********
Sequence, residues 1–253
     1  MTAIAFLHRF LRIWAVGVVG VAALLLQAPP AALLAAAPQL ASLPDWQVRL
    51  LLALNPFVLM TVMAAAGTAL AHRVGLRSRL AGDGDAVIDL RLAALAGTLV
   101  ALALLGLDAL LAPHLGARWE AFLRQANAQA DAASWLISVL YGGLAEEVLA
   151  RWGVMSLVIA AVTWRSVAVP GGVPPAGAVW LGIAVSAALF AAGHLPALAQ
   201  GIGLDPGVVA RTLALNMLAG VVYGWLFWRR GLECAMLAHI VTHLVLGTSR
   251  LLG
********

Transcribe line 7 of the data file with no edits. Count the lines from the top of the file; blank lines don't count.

   251  LLG